Blyth owner fined for failing to micro-chip dog

A Blyth  dog owner  who failed to comply with the law and update her dog’s micro-chip details has been fined £440 this week by South East Northumberland magistrates  after her Staffordshire Bull Terrier was found  roaming the streets.

An Animal Welfare Officer from Northumberland County Council’s Public Health Protection Unit collected the stray dog  after receiving a call from a concerned member of the public. Although the  dog was micro-chipped it was still registered to its previous owners. When  it was eventually reunited with its current owner, she was given 21 days to update the records but failed to do so.

The  new law came into force in April 2016  which makes it a legal requirement that  all dog owners  in England  have their dog(s)  micro chipped, whether they have a tag or not.

Peter Simpson, Public Health Protection Manager at Northumberland County Council said:

“Stray dogs can be  a significant risk to public safety. Only last year, 11 children in Blyth had to be taken to hospital after a dog became dangerously out of control in a play park. Any owners of dogs that have yet to be micro chipped should arrange for their dog to be chipped as soon as possible and ensure their details are up to date”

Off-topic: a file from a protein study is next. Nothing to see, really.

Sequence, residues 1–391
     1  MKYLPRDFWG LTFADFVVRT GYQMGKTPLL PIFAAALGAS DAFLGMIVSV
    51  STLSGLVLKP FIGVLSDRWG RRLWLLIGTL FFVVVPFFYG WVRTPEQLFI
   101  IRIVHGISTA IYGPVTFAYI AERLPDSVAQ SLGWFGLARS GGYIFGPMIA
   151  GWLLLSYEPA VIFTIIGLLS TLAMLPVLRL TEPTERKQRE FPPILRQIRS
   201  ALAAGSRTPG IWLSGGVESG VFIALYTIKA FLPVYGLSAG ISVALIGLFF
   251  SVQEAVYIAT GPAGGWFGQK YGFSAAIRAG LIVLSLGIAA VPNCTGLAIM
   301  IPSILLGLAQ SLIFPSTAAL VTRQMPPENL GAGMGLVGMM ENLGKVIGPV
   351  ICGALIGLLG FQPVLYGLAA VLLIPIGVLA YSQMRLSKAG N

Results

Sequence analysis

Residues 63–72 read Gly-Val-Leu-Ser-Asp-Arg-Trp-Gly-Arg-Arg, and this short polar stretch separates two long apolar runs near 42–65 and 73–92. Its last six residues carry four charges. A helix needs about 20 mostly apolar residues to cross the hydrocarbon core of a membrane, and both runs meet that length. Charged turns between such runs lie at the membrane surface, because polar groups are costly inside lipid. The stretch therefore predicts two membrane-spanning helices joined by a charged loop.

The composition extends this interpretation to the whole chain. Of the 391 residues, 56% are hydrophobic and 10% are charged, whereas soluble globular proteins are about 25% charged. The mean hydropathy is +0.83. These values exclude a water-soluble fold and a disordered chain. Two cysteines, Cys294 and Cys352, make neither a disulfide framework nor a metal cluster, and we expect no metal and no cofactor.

When a dog is microchipped a tiny chip about the size of a grain of rice is inserted under the loose skin on the back of its neck, giving it a unique 15-digit code. If a dog becomes lost or gets stolen and is picked up by a local authority or a shelter, the microchip can be scanned and matched to contact details stored on a database.

Northumberland County  Council working in partnership with the Dogs Trust offers free micro chipping for any dog that belongs to an owner who lives in Northumberland. The service is available to dogs from a week after their second injection – about 13 to 14 weeks old. For further information log on to

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